Or could there be a weak binding issue inherent to the materials or the technique that was used to apply that oil paint?
I have tested my WMO paintings with OMS and with stronger solvents and have seen no lifting at all. I have also removed varnish from WMO paintings with no problem.

Mary from Gamblin, regarding using Gamvar as the varnish, then do you agree or disagree with this specific claim?
I've been informed that WMO's do not accept a final varnish in the usual manner...Twas not I who claimed the varnishing problem with WMO paint , 'twas Gamblin.
I quoted you earlier saying that your varnish does in fact accept and adhere to WMO paintings, normally and properly, and in the usual manner.

sidbledsoe
12-19-2018, 12:55 AM
But, as when considering the purchase of a new car, it is often beneficial to read such publications as Consumer Reports, an organization who offers all sorts of advantages, and disadvantages of each product in question.

One needs to consider all sorts of information, whether it seems pleasant, or not, when embarking upon a purchase of a product that one intends to use for ultimate success. In this case, Gamblin has expressed some definite concerns regarding the use of most varnishes on WMO paintings.

As I mentioned, I do not speak on THIS topic from experience--merely comments by Gamblin.

Painters are free to use whatever they wish. This forum is for dispensing information, and yes......even opinions. The goal is to present as many considerations as possible, so that the questioning painter can make his/her own choice. 'Twas not I who claimed the varnishing problem (the problem being the REMOVAL of it) with WMO paint--'twas Gamblin.:)
very good advice Bill, as you know Gamblin is one of the foremost makers and suppliers of alkyd paints and alkyd based mediums. Do you have the same belief in, and trust in their alkyd products and in their recommendations concerning the extensive usage of alkyds in oil painting?

Raffless
12-19-2018, 03:52 AM
Thank you Bill. I'd like to clarify one point. This recommendation from Gamblin is not an attempt to discourage artists from using water-soluble oils as their chosen medium to create artwork. Gamblin technical support staff simply state a cautionary note to artists that removal of Gamvar Picture varnish on WMO artwork should be done with caution, or not at all.

Anyone on this forum can feel free to contact the company if further questions related to Gamvar come up. [email protected] - my email, which we welcome artists to use to contact us. :wave:

So your just backing up what i said Mary? Bad application, and it can apply to regular paints as well.

If there is another reason why please say.

Edit. Does this ONLY apply to Gamvar? If so it needs to be stated clearly.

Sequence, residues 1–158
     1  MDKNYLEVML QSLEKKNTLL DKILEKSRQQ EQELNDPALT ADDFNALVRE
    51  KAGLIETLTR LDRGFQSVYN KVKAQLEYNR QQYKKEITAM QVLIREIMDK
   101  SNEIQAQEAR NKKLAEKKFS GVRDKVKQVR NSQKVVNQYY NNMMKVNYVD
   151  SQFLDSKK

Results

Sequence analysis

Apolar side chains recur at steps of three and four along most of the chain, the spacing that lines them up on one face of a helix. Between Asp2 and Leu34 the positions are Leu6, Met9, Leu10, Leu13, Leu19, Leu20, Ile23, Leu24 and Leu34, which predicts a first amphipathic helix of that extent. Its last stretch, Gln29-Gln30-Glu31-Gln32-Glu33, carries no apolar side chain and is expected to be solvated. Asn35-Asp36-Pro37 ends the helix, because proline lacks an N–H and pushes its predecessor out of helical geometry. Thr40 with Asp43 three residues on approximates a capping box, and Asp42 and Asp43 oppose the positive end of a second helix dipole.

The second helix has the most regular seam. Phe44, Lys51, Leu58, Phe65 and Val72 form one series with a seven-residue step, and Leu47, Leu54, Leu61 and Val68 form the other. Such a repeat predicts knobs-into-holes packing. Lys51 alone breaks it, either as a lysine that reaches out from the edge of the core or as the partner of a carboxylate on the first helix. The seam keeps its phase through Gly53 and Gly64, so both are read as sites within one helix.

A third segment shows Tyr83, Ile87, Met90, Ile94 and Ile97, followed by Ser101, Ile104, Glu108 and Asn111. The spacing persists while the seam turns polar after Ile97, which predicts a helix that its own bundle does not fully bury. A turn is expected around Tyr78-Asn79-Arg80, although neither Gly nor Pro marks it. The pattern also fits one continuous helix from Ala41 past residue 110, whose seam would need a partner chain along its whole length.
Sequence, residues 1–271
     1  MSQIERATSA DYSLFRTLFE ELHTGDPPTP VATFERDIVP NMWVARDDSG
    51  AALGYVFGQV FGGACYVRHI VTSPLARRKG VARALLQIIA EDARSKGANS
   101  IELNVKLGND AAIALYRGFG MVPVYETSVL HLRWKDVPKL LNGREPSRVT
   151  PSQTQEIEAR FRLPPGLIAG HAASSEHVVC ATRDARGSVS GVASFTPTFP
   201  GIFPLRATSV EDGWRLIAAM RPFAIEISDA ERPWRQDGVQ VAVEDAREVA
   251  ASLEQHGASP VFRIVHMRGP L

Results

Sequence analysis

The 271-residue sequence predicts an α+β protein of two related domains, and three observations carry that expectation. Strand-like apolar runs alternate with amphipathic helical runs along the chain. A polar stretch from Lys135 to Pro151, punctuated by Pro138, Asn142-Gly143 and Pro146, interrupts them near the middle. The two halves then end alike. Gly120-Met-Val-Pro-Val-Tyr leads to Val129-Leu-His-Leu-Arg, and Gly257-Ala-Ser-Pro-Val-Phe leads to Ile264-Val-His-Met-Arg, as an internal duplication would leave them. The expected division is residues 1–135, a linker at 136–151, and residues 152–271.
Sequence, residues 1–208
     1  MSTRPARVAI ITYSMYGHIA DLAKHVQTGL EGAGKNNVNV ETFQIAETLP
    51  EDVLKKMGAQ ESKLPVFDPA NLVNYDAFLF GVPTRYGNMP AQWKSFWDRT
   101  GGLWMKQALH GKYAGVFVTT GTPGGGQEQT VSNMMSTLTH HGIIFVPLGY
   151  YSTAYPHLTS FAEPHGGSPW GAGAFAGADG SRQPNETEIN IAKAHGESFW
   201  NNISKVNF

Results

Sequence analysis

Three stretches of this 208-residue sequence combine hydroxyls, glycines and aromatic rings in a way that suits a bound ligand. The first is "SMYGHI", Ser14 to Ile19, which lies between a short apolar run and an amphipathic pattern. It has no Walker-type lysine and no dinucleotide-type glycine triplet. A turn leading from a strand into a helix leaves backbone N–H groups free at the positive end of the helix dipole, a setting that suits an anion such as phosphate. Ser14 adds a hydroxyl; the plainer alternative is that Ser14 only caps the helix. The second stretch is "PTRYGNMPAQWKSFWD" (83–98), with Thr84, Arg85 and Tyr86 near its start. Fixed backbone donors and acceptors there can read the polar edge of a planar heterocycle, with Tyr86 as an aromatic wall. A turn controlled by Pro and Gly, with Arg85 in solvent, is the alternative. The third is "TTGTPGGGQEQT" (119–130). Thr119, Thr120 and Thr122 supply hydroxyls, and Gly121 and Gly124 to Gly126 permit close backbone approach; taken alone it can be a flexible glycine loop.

Richard P
12-19-2018, 04:24 AM
I've heard this before too, but I've never quite understood why removing the varnish would affect the paint film of a WMO and not a traditional oil paint.

sidbledsoe
12-19-2018, 08:38 AM
Although this thread had nothing to do with varnishing WMO paintings, you see that it has been hijacked for that purpose.
This myth will not go away here, it has been unleashed with a fury that will permeate and infiltrate many WMO threads here, for many years to come.
Let us then start to research this myth.
Here is a WMO painting I did totally with Lukas WMO paints. It is about 6 years old with no varnish on it. I used OMS to scrub it with, and got no removal of any paint. I then used turpentine, again with no paint removal:
http://www.wetcanvas.com/Community/images/19-Dec-2018/112587-rsz_dsc_0102.jpg

Next is a painting I did with traditional regular WN and Charvin oil paints.
This painting is about two years old, and not varnished.
I began with scrubbing the surface with only OMS and bam, paint removal, clearly still soluble in only OMS:
http://www.wetcanvas.com/Community/images/19-Dec-2018/112587-rsz_dsc_0103.jpg
I have done this with more examples than these particular paintings, for each type of oil paint, and have gotten the same results.
Regular traditional oil paint does in fact get lifted sometimes, even with OMS.

This myth will continue to be used as a weapon to disparage and shoot down WMO paints, even in threads like this, not related to varnishing, by non users and detractors of WMO paints, and the ammunition for doing it has been supplied by Gamblin.


I think it would only prudent of Gamblin to rethink this claim, and to not single out WMO paints, and to caution all varnish applications to either not remove the varnish or expect possible paint removal, including traditional oils, even with OMS, and especially with very thin glazes or other weak paint films.

DickHutchings
12-19-2018, 08:49 AM